Not really into talking while checking out at the grocery store (I hate waiting in line while listening to the person in front of me casually chatting to the clerk), I was amazed to find myself discussing squash during my last trip to Whole Foods. Honestly, I was bagging while Tom was paying—not a soul was inconvenienced by our conversation. But squash is new for me, and it was new for the clerk. She said delicata was her favorite and she was just getting into squash. I asked her if she’d tried spaghetti, my favorite, then we laughed about how we’re adults and have only now tried this very basic, versatile vegetable.
I found a gazillion ways to cook delicata, choosing to slice it into rounds—like little flowers. I just roasted the squash after brushing with a little olive oil and giving it a hit of salt and pepper. Why not see what the bugger tastes like before I go messin’ with it?
What’s cool about this one is that its skin is thin enough to eat. After tonight’s experiment, I can see this cubed up and roasted as part of a big ol’ pan of roasted vegetables, one of my favorite things to do in the fall, or thrown in a pilaf. And as with other winter squash, delicata serves up a whole mess of vitamin A, a bunch of B vitamins, and some minerals, including copper (for healthy skin), potassium, and folate (for healthy babies, if you’re into that).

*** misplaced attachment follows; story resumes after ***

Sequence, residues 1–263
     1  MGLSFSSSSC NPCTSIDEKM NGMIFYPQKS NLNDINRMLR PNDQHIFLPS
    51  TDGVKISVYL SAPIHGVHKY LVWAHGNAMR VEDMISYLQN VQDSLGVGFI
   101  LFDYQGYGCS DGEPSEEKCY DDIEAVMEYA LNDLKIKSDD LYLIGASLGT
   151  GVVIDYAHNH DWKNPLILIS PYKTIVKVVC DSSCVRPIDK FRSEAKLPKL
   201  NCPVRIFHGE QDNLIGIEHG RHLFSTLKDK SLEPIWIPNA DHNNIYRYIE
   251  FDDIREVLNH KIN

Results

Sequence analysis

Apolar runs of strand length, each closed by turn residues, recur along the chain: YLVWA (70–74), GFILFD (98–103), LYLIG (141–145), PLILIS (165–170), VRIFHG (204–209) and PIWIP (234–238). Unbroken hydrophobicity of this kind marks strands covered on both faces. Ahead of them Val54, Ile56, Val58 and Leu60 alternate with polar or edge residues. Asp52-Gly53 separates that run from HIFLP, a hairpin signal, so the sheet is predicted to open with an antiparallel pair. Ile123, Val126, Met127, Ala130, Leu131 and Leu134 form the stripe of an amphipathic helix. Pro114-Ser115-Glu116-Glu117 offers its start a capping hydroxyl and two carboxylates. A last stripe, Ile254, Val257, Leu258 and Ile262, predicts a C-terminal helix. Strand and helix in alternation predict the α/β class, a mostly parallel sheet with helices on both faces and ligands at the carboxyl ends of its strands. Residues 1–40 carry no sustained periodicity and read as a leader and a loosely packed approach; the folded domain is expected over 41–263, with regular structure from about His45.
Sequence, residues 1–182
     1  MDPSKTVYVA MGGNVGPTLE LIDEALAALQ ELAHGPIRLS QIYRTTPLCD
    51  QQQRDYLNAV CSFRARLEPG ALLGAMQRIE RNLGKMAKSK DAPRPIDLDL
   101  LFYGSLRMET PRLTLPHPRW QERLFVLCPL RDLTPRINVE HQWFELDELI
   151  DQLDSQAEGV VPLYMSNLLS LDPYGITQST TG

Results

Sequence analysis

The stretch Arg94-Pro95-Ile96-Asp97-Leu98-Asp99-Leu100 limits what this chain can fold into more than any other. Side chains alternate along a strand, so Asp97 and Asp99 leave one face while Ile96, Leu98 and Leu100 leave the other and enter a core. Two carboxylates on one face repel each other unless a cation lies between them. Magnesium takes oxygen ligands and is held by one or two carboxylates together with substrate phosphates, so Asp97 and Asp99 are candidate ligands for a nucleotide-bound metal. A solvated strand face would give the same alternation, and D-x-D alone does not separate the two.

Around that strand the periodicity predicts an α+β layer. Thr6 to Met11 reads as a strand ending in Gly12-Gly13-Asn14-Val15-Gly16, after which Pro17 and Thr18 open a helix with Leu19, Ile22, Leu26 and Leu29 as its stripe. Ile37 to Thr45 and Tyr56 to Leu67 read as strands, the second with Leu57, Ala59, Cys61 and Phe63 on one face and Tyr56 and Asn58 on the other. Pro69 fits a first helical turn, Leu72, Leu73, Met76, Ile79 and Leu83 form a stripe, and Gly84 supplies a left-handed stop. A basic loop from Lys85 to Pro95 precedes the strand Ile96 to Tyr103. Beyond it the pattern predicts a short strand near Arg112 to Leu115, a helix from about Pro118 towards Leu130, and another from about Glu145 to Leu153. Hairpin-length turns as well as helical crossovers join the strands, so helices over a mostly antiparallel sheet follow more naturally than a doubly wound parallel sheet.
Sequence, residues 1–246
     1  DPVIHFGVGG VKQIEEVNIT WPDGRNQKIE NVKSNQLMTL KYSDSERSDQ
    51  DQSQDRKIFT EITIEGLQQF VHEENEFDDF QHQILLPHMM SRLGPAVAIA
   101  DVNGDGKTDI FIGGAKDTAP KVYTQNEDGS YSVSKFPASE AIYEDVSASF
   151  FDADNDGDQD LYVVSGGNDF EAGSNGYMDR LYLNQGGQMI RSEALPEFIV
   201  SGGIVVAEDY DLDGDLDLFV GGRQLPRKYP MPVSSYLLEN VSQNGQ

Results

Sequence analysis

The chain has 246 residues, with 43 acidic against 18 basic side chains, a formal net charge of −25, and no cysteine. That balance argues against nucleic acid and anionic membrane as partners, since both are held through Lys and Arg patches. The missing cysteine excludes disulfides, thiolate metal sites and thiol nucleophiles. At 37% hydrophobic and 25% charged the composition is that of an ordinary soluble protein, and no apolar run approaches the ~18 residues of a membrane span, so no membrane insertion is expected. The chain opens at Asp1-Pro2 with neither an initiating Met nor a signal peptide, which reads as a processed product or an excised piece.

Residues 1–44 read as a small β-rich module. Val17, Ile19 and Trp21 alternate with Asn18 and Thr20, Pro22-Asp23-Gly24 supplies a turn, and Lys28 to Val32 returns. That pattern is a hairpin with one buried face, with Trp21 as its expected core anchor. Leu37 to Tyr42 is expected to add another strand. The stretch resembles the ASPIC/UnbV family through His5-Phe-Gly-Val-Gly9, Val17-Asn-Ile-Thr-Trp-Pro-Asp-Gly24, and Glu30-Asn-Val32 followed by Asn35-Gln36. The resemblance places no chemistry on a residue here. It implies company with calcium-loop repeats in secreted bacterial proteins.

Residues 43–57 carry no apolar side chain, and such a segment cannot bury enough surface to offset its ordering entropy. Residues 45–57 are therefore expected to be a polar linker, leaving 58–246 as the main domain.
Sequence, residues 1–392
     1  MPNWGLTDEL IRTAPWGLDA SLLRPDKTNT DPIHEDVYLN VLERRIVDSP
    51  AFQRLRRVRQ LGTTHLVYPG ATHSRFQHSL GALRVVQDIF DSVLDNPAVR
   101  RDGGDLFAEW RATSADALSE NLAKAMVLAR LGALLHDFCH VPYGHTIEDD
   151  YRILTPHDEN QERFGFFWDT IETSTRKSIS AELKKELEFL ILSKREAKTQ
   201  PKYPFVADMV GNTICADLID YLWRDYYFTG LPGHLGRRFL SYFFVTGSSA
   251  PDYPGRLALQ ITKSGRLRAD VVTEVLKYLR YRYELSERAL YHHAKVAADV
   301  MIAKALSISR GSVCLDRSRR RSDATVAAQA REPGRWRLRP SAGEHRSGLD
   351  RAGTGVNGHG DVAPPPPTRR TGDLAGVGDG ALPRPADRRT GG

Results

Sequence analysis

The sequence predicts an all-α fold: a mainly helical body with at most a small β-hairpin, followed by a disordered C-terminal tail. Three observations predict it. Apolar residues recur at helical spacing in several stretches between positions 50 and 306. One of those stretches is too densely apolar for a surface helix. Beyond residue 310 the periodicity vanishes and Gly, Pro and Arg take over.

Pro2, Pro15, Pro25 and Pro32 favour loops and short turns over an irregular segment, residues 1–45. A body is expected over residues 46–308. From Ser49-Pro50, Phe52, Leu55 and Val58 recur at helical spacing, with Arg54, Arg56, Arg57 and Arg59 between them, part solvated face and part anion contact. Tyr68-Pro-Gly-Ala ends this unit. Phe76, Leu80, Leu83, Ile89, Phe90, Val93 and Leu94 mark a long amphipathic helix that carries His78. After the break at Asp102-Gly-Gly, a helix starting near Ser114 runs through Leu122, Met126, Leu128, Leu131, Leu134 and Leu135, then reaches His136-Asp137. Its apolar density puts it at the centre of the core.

What’s Cooking America has this huge illustrated list of winter squash, detailing availability and characteristics to look for. It could use a copy editor, but the information’s great. Turns out, a lot of those crazy-colored things can be eaten. Here I thought they were just nature’s Halloween decorations.